Crima: Bakhchisaray – Khan’s Palace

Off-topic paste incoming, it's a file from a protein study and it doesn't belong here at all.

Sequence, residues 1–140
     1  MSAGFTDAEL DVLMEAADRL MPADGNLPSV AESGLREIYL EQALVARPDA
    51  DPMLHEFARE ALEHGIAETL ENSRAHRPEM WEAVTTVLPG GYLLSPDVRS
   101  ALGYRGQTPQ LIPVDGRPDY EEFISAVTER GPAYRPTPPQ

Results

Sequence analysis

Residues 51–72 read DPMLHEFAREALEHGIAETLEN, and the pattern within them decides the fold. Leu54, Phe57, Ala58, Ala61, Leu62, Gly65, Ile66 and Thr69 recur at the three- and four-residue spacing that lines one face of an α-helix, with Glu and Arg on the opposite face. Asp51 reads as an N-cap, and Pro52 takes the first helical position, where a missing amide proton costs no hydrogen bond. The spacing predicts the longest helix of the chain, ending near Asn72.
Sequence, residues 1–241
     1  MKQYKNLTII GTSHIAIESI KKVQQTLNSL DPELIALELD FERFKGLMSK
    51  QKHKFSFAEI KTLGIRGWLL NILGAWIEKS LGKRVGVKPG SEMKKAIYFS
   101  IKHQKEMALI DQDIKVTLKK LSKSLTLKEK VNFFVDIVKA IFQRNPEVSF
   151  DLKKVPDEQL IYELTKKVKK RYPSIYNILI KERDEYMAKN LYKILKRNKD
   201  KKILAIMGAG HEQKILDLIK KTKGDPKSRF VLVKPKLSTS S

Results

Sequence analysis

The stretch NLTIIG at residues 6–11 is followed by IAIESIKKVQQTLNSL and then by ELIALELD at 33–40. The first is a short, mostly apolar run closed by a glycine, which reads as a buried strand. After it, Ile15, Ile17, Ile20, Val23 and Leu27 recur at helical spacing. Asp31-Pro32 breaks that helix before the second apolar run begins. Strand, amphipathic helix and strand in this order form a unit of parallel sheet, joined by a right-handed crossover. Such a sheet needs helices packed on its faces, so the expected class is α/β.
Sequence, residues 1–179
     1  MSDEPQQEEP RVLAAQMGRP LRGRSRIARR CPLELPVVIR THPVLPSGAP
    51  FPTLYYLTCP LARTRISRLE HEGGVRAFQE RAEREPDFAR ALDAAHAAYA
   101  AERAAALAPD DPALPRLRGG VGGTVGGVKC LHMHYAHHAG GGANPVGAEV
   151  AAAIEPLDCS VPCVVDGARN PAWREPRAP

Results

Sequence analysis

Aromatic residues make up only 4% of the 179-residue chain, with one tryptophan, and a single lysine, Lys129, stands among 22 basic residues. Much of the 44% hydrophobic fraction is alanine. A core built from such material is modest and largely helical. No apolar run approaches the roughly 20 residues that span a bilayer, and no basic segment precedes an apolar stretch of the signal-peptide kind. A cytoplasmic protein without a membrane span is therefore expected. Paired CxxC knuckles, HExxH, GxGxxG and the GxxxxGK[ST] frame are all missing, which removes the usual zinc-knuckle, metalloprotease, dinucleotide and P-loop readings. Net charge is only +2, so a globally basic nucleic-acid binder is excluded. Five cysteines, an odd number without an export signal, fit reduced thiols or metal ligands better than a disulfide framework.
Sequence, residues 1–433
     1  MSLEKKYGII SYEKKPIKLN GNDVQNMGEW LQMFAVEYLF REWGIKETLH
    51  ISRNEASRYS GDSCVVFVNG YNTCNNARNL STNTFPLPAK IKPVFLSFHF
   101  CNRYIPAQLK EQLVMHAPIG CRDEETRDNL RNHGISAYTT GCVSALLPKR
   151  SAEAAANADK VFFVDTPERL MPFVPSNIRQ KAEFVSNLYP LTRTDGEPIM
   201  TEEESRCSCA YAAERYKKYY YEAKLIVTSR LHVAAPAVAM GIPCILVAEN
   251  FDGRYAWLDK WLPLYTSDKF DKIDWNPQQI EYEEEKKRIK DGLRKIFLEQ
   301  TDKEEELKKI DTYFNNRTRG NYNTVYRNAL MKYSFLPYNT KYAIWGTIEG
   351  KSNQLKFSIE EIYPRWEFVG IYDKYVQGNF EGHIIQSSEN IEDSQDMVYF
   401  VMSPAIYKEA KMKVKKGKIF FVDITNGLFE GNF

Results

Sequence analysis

Crimea was ruled for nearly four centuries by a succession of Crimean Khans as the Crimean Khanate – direct descendants of Chengis Khan of the Golden Horde of the Mongol Invasion of the 14th century. The Crimean Khanate was a vassal state of the Ottoman Empire. Its capital was in Bakhchisaray in the central mountains of the peninsula and a magnificent Palace was built to rival that of Tokapi in Istanbul or Alhambra in Spain. To this day, it’s one of the best preserved Islamic-era palaces in Europe. The Palace has multiple minarets and richly-adorned harem rooms. One of the main attractions in the Palace is the Bakhchisaray Fountain, immortalized in a poem by Pushkin – a sad story of the Khan falling in love with one of the harem girls (a polish girl named Marina) and the losing her when another harem wife from Georgia (Zarema) killed her. Depressed, the Khan built a marble fountain that would constantly weep. I guess it’s a cautionary tale of the dangers of polygamy.